On Dec. 5, 2018, Donovan Lawrence, of Milford, who operated Donovan’s Accounting Services LLC, in Bridgeport, pleaded guilty to his role in this conspiracy. In addition, four U.S. citizens who entered into one or more fraudulent marriages with noncitizens, and one noncitizen who entered into a fraudulent marriage with a U.S. citizen, pleaded guilty. All await sentencing.

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HSI and FDNS are conducting the investigation. Assistant U.S. Attorney Henry K. Kopel is prosecuting the case.

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VIDEO: Uhuru should let Miguna go back home, Mudavadi tells Voice of America




Former Kenyan Vice President Musalia Mudavadi has lashed out at Uhuru Kenyatta’s administration for not letting Mr Miguna Miguna, the fiery Kenyan lawyer cum politician, who was deported to Canada last year,  return home.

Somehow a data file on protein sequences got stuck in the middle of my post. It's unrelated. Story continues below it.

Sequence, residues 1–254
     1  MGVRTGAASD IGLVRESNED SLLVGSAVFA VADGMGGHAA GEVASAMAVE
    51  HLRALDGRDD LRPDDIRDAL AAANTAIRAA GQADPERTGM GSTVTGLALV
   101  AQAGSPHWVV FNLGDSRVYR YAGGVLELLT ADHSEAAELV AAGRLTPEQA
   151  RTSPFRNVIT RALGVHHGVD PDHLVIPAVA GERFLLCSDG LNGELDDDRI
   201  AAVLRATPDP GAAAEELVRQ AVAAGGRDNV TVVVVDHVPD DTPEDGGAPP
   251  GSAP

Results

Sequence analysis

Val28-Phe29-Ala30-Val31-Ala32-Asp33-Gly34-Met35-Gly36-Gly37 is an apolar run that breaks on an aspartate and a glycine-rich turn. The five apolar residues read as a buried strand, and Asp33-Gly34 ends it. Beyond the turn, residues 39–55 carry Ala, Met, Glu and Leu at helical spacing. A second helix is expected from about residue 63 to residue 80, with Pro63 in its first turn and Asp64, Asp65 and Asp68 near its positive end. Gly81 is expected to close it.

In a TV interview with the Voice of America (VOA) in Washington DC, Mr Mudavadi said that Mr Miguna’s rights were trampled upon and it is only fair that he be given the necessary documents to be able to travel back home.

“There are other people who were involved in what led to his deportation and they are still walking around freely in Kenya,” said Mudavadi, in apparent reference to those who – in one way or another- participated in the mock swearing-in of Orange Democratic Movement (ODM) leader Raila Odinga as “the People’s President.”

Miguna was deported in March last year following a dramatic standoff at Jomo Kenyatta International Airport (JKIA). The opposition politician claims he was assaulted and drugged by government officials who later bundled him into an Emirates flight against his will.

The deportation came hours after a court held top officials in contempt for failing to release him from the airport where he was being held.

Kenyan officials have argued the lawyer – who holds dual Canadian nationality – is not a Kenyan citizen.

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But Mr Miguna insists their motives are political.